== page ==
Wave functions

  1. Oct 10, 2008 #1
    Why are wave functions, e.g., Schrodinger's, based on the complex exponential function (e[tex]^{}ix[/tex]) and not trigonometric functions (sine or cosine)?

    See Euler's formula for their relationship: http://en.wikipedia.org/wiki/Euler's_formula

    Furthermore, by using the complex exponential function, the probability amplitude becomes a complex-valued function (a + bi). Were sine or cosine used, the probability amplitude of the wave function would not be a complex-valued function. Is there a reason that the probability amplitude should be a complex-valued function?
     
    Last edited: Oct 10, 2008
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  3. Oct 10, 2008 #2

    Ben Niehoff

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    You need complex-valued wavefunctions so that you can have standing waves of constant magnitude over time (such as in a potential well). Real-valued functions would have to oscillate in magnitude.
     
  4. Oct 10, 2008 #3
    What do you mean by magnitude? Is it the same as amplitude?
     
  5. Oct 10, 2008 #4
    Nothing keeps you from using sine and cos. That what Euler's identity says.

    The time evolution of a state vector/ wave function must conserve the norm of the state vector, and it always has to be one.

    Note e[tex]^{it}[/tex] e[tex]^{it}[/tex]=1.
     
  6. Oct 10, 2008 #5
    My post https://www.physicsforums.com/showpost.php?p=1539835&postcount=20 and some other posts in that thread may be relevant.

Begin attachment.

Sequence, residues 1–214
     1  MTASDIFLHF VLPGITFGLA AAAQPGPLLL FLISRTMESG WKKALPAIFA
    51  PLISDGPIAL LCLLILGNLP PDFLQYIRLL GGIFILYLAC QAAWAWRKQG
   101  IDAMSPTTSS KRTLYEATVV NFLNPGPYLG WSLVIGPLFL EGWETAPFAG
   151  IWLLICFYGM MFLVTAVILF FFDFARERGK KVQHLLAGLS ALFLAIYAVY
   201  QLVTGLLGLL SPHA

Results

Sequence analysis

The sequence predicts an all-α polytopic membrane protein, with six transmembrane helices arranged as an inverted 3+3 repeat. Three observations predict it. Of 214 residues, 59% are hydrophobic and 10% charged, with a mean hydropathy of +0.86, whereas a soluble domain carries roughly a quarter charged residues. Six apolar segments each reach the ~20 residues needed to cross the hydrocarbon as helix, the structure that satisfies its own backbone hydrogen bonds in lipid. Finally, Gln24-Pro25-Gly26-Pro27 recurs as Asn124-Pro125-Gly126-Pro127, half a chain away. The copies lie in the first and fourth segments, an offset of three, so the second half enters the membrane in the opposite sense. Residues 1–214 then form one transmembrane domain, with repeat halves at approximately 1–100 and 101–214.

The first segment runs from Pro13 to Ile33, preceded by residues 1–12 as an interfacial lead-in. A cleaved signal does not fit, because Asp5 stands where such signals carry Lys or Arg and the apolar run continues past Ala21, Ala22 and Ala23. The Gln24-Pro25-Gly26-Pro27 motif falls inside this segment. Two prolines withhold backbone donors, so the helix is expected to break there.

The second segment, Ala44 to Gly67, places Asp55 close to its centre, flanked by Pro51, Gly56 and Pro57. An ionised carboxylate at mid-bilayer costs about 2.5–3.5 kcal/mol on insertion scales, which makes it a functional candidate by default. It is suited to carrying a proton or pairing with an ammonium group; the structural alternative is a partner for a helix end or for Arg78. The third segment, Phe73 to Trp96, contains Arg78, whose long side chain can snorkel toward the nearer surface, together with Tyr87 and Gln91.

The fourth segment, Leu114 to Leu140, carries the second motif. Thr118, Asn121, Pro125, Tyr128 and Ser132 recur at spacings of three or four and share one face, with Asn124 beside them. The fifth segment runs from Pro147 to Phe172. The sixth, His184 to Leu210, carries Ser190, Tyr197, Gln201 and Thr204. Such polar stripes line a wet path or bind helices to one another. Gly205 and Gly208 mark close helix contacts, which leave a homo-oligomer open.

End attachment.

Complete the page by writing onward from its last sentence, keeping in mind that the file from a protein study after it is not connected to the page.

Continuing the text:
7. Oct 10, 2008 #6

    dx

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    The simple answer is that standard quantum mechanics as we understand it requires a complex wavefunction [tex] \psi [/tex] defined on the configuration space. You can replace this with a function to [tex] \mathbb{R} \times \mathbb{R} [/tex] and change the equations accordingly, since [tex] \mathbb{C} [/tex] and [tex] \mathbb{R} \times \mathbb{R} [/tex] are isomorphic. But you can't replace [tex] \psi [/tex] with a function to just [tex] \mathbb{R} [/tex].

    Also, Euler's formula doesn't turn a complex number into a real number. [tex] \cos \theta + i \sin \theta [/tex] is still a complex number, and the probability amplitude will still be a complex valued function.
     
  8. Oct 12, 2008 #7
    What properties of standard quantum mechanics require a complex wavefunction?
     
  9. Oct 12, 2008 #8

    malawi_glenn

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  10. Oct 12, 2008 #9

    dx

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    That's like asking what property of Newtonian physics requires the mechanical state of a particle to be position and momentum. It is possible to construct a theory where the time evolution of a particle depends only on initial position, but that's not the way nature is. It just happens to be so that the mechanical state of a quantum system needed to predict future probabilities is a complex function.
     
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